When I was learning to cook simple breakfast foods, my dad allowed me to pretend to run my own restaurant. I made up a menu and had to serve my family, cook up their order, and give good customer service. Afterward, I bought them a check and they paid. It was an experience I will never forget.
Are you self-employed yourself?
You can bring your kids in and pay them for jobs that are appropriate for their age for fair compensation. You’ll want to talk to your accountant to make sure that you do this correctly with the right financial documentation and record keeping in place.
They can handle a large range of duties depending on your business. Some of the things kids at this age can do:
- answer phones – you can teach them to answer general questions
- take messages
- making copies
- preparing documents
- preparing presentations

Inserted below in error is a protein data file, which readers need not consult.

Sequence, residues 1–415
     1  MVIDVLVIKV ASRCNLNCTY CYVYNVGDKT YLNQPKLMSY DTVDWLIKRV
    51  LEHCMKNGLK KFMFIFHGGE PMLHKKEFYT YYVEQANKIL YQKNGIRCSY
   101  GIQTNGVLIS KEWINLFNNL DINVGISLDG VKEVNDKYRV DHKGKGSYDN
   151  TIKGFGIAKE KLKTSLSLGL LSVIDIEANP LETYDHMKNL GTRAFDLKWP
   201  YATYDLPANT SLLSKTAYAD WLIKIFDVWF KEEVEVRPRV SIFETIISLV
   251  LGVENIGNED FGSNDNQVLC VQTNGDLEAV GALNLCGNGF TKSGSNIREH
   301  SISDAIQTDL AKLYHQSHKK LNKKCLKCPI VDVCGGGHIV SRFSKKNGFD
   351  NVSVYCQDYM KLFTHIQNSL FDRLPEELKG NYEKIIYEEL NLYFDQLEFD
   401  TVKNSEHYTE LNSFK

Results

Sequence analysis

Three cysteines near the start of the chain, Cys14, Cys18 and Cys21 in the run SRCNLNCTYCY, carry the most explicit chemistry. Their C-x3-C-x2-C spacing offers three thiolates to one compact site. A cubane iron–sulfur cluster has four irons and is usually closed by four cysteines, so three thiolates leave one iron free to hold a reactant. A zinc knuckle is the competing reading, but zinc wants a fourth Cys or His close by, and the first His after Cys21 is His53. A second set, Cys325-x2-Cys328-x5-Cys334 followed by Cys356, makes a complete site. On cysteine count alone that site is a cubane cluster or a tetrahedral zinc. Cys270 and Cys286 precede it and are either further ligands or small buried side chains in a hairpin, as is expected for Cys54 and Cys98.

- video production and photography.
You’ll be surprised about what they learn in school and can do. My kids are savvier than I am in a lot of things. It’s good to put this to use.
As a business owner, you already understand the benefits of self-employment and/or business ownership so you can certainly appreciate that bringing them into your business this way is giving them the opportunity to see the process of building and running a business first hand. They are more likely to do this for themselves and/or take those skills into their career when they grow up.
Kids can work for themselves
Kids can also work for themselves. This is where many of us started with jobs like babysitting, raking leaves and mowing lawns, operating lemonade stands and things like that.